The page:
Columbia Peak facts for kids
Quick facts for kidsColumbia Peak
This image shows Columbia Peak on the left, and Columbia Glacier on the right with Blanca Lake in the foreground, looking North.
|Elevation||7,172 ft (2,186 m) NGVD 29|
|Prominence||1,132 ft (345 m)|
|Isolation||1.30 mi (2.09 km)|
|Parent peak||Kyes Peak|
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|Location||Snohomish County, Washington, U.S.|
|Parent range||Cascade Range|
|Topo map||USGS Blanca Lake|
|Easiest route||class 3 scrambling|
Columbia Peak is a mountain peak in the Henry M. Jackson Wilderness in the U.S. state of Washington. Columbia Peak rises to 7,172 feet (2,186 m). Together with Monte Cristo Peak and Kyes Peak it forms a basin that contains Columbia Glacier and Blanca Lake.
Columbia Peak is located in the marine west coast climate zone of western North America. Most weather fronts originate in the Pacific Ocean, and travel northeast toward the Cascade Mountains. As fronts approach the North Cascades, they are forced upward by the peaks of the Cascade Range, causing them to drop their moisture in the form of rain or snowfall onto the Cascades (Orographic lift). As a result, the west side of the North Cascades experiences high precipitation, especially during the winter months in the form of snowfall. Because of maritime influence, snow tends to be wet and heavy, resulting in high avalanche danger. Due to its temperate climate and proximity to the Pacific Ocean, areas west of the Cascade Crest very rarely experience temperatures below 0 °F (−18 °C) or above 80 °F (27 °C). During winter months, weather is usually cloudy, but, due to high pressure systems over the Pacific Ocean that intensify during summer months, there is often little or no cloud cover during the summer. The months July through September offer the most favorable weather for viewing or climbing this peak.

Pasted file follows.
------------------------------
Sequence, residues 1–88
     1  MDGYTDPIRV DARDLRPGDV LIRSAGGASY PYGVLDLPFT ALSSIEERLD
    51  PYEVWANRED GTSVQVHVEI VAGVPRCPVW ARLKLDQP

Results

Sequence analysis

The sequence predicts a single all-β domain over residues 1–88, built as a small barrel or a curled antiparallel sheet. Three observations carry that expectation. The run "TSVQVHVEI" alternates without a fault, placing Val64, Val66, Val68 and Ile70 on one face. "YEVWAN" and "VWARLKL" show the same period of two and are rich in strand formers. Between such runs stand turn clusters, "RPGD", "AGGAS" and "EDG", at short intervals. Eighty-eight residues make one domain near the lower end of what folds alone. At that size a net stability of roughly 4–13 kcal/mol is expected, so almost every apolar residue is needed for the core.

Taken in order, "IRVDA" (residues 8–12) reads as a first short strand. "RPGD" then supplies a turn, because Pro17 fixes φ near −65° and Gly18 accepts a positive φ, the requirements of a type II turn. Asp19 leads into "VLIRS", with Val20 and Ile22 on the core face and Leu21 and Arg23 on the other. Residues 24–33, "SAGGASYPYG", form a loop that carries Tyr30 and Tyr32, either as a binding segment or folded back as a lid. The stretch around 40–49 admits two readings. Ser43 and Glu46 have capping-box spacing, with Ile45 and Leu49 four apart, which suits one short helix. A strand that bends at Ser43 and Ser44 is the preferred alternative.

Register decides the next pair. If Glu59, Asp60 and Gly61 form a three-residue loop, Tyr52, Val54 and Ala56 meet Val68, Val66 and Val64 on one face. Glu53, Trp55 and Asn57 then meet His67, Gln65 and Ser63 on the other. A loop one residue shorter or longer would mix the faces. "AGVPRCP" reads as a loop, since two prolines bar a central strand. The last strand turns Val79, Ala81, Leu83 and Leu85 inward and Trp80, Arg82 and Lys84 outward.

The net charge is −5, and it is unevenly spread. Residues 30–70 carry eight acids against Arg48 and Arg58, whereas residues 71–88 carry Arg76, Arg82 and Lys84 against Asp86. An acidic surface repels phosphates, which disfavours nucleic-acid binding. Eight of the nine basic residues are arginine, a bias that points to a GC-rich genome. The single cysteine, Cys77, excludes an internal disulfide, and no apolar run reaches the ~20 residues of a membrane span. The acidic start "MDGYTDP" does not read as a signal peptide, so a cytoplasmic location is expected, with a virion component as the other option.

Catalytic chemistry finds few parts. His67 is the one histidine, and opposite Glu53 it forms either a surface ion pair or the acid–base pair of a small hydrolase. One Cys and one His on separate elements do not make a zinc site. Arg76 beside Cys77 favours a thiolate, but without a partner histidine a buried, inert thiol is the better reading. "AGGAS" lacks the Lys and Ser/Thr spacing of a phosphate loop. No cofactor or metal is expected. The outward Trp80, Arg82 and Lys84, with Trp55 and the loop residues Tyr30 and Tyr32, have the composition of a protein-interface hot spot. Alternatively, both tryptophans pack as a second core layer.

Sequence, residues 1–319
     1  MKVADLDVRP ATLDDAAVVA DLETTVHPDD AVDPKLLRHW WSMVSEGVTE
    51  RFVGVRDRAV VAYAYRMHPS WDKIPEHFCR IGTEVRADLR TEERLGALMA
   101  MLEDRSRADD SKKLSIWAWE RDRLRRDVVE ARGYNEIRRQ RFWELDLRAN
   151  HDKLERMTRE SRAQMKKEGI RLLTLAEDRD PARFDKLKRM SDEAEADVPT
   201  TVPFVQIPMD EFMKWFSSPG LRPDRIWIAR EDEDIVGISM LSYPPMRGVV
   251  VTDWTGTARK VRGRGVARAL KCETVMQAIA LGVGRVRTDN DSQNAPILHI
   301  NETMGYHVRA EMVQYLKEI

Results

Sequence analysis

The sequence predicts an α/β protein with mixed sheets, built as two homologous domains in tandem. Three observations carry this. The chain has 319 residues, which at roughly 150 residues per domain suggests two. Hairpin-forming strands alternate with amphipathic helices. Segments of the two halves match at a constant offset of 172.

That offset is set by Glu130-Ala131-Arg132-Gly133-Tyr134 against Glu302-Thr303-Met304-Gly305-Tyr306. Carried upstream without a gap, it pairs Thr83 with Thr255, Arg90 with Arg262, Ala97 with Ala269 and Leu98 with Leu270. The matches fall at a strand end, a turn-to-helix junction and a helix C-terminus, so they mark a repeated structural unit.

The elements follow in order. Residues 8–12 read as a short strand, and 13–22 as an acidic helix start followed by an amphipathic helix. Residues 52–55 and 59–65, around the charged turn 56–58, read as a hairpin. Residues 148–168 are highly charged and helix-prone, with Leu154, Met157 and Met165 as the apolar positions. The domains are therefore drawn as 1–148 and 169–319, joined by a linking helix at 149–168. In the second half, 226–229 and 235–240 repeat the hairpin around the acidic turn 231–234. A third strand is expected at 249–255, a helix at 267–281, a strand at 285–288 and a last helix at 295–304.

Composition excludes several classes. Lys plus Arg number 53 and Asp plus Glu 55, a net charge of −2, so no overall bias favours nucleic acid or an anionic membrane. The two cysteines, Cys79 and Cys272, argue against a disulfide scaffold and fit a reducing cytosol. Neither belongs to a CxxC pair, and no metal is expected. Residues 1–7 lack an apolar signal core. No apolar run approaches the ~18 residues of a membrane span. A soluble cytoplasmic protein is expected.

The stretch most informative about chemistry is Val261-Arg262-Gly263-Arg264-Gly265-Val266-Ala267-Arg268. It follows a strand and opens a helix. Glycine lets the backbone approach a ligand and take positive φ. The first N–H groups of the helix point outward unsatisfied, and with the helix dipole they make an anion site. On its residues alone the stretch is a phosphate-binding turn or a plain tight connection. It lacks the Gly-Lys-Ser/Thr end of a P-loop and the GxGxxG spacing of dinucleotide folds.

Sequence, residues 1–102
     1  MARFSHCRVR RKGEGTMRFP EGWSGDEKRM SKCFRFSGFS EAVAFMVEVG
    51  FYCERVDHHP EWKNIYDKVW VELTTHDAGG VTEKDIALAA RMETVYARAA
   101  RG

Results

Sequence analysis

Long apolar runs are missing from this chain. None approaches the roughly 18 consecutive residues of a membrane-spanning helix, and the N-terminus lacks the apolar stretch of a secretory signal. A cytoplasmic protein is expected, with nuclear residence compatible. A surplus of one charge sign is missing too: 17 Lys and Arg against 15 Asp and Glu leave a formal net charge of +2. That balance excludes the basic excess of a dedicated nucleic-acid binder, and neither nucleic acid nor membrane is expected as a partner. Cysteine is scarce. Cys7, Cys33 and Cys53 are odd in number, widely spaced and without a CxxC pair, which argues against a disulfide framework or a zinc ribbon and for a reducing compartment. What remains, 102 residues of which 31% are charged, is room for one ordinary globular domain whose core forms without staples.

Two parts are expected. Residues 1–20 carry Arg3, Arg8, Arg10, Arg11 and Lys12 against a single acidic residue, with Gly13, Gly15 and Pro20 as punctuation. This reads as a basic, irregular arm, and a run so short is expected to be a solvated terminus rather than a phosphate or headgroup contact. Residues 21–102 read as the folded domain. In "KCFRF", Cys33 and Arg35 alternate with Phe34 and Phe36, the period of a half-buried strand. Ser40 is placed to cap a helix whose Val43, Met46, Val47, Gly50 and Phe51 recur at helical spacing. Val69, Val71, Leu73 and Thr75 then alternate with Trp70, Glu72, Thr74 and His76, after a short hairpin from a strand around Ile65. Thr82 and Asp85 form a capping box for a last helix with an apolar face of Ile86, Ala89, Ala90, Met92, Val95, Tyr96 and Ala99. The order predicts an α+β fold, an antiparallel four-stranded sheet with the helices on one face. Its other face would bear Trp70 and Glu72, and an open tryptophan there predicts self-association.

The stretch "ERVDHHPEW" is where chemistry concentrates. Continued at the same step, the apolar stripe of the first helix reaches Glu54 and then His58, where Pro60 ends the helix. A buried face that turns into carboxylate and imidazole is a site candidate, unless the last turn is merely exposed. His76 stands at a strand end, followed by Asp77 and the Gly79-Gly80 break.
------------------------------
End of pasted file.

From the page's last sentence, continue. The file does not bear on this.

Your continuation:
The North Cascades features some of the most rugged topography in the Cascade Range with craggy peaks, ridges, and deep glacial valleys. Geological events occurring many years ago created the diverse topography and drastic elevation changes over the Cascade Range leading to the various climate differences. These climate differences lead to vegetation variety defining the ecoregions in this area.
The history of the formation of the Cascade Mountains dates back millions of years ago to the late Eocene Epoch. With the North American Plate overriding the Pacific Plate, episodes of volcanic igneous activity persisted. In addition, small fragments of the oceanic and continental lithosphere called terranes created the North Cascades about 50 million years ago.
During the Pleistocene period dating back over two million years ago, glaciation advancing and retreating repeatedly scoured the landscape leaving deposits of rock debris. The “U”-shaped cross section of the river valleys are a result of recent glaciation. Uplift and faulting in combination with glaciation have been the dominant processes which have created the tall peaks and deep valleys of the North Cascades area.
|Mary the Jewess|